Editor’s Note: Today’s review of federal student loans will cover all federal loans, including direct, subsidized, unsubsidized, and Graduate PLUS loans. The one type of loan not covered in this review will be Parent PLUS loans as these loans are significantly different from the other federal loans.
Student loan experts and borrowers usually agree that federal loans are the best student loan option available. However, while there are many advantages to federal loans, they are not without their warts.
For this review, we will assume that a student has determined that borrowing money is essential. Before selecting any student loan, the first step is to determine if any student loan is necessary.
Federal Student Loan Basics
To get federal student loans, borrowers need to fill out the FAFSA. Unlike private loans with a strict credit evaluation, qualifying for a federal loan is much easier. Additionally, there is no cap on income for federal loan borrowing. Financial need is only a factor in determining federal interest assistance.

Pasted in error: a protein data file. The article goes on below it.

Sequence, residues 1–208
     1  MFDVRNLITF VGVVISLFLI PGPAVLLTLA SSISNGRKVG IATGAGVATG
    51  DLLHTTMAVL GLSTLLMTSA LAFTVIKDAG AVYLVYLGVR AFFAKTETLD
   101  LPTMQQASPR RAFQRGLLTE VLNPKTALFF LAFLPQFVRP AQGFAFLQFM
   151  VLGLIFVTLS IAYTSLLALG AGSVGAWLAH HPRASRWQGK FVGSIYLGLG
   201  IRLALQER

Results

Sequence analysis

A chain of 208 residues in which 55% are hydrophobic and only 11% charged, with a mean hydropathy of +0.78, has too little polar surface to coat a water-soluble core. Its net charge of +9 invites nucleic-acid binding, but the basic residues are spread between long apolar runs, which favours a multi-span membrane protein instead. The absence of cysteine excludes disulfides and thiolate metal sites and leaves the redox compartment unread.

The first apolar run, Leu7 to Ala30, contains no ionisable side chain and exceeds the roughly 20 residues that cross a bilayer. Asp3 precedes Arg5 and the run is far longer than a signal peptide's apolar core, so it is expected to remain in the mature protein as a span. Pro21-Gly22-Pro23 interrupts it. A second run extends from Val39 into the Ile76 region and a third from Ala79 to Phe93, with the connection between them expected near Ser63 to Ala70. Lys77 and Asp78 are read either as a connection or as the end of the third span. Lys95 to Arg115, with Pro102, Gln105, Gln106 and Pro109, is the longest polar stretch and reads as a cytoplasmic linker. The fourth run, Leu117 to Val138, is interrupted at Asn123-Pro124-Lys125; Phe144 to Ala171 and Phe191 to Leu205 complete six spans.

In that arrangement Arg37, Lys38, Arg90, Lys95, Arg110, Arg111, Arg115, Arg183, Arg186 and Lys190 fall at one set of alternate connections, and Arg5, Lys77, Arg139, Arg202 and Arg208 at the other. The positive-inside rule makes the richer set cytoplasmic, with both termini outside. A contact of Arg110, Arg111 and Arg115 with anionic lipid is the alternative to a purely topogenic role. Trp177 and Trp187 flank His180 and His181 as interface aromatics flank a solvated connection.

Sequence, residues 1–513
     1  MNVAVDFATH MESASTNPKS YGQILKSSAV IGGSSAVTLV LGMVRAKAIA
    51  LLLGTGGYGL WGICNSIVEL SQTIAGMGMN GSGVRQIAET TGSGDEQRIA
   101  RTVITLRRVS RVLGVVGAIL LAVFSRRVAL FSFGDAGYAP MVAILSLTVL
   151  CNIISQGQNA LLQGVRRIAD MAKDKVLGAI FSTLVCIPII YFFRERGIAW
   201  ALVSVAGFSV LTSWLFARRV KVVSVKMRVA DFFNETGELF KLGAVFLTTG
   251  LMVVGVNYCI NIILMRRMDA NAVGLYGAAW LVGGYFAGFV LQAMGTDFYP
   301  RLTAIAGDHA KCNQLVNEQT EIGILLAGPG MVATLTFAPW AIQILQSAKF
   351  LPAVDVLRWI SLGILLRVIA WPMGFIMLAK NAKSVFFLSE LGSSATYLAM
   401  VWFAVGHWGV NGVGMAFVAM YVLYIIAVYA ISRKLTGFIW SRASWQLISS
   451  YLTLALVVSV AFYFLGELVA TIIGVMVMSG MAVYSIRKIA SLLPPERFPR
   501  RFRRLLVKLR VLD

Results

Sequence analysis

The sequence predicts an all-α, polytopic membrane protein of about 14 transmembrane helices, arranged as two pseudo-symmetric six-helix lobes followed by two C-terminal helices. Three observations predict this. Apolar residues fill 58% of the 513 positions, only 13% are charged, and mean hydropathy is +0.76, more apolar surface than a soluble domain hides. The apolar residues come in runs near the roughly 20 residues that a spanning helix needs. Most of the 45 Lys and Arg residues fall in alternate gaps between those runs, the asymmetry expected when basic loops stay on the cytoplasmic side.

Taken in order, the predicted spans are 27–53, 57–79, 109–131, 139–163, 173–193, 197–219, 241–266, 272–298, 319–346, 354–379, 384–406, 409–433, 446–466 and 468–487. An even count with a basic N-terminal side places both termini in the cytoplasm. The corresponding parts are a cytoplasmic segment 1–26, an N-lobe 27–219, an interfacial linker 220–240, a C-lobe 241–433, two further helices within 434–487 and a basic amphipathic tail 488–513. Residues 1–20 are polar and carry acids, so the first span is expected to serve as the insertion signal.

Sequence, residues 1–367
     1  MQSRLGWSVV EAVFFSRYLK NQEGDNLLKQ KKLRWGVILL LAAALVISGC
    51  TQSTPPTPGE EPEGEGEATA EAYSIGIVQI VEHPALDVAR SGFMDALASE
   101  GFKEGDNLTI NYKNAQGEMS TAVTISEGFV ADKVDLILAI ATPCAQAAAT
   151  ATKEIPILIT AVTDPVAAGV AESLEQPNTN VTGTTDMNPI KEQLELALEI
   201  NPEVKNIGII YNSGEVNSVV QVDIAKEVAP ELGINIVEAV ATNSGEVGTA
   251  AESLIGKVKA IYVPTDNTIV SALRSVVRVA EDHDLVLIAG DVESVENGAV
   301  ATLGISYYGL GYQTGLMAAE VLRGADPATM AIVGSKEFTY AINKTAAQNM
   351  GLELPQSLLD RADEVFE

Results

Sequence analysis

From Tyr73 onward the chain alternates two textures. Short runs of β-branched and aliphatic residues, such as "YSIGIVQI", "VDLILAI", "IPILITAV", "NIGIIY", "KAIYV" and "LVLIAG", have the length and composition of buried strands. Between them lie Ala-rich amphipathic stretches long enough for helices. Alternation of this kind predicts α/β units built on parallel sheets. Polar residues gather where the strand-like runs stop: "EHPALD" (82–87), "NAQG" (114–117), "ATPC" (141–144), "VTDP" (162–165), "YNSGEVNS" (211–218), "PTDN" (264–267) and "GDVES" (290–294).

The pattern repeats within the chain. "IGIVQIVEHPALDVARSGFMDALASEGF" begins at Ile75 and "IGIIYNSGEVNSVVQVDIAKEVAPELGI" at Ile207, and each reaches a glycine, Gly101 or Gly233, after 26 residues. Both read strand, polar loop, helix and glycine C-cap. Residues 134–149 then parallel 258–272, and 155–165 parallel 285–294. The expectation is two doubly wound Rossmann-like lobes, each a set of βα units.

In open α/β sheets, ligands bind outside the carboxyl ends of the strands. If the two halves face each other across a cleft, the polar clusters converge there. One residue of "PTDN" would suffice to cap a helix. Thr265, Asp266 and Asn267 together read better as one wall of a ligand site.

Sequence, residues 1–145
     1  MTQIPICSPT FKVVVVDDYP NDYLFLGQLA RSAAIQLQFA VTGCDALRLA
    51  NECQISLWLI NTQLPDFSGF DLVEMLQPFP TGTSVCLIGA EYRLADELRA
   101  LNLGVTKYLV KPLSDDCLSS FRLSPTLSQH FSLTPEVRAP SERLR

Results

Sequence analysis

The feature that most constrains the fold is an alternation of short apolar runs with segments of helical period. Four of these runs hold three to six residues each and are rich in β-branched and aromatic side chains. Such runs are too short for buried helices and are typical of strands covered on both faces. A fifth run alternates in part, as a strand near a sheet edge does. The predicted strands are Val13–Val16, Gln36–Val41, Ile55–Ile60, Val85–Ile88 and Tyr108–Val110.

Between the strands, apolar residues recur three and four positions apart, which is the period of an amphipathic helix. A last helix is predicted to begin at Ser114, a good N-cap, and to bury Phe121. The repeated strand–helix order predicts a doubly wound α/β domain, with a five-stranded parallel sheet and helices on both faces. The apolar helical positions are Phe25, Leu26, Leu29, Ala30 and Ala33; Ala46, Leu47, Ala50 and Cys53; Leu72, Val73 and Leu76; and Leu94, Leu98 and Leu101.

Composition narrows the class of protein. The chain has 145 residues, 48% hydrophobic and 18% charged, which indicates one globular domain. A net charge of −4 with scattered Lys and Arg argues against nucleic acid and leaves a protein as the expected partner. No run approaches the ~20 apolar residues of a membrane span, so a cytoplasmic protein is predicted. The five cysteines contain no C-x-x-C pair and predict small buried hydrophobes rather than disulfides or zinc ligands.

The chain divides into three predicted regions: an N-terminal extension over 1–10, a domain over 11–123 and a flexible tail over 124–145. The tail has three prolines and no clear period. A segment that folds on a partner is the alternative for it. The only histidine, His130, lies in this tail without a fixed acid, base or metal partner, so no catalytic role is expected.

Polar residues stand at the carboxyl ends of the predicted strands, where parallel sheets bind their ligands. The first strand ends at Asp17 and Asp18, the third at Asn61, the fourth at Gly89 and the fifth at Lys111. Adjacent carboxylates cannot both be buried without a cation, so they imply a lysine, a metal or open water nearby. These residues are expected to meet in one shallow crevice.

Once approved for a loan, the funds are sent directly to the school’s financial aid office. If the borrower is getting the money to pay for housing, books, or food, the school’s financial aid office will normally issue a refund. The exact process varies from school to school.
Federal student loan borrowing limits depend upon the student’s education level. A college senior can borrower more than a freshman, and graduate students can usually borrow as much as they need. Additionally, independent students will have higher borrowing limits than dependants. Full details on student loan borrowing limits are available here.
Federal Student Loan Interest Rates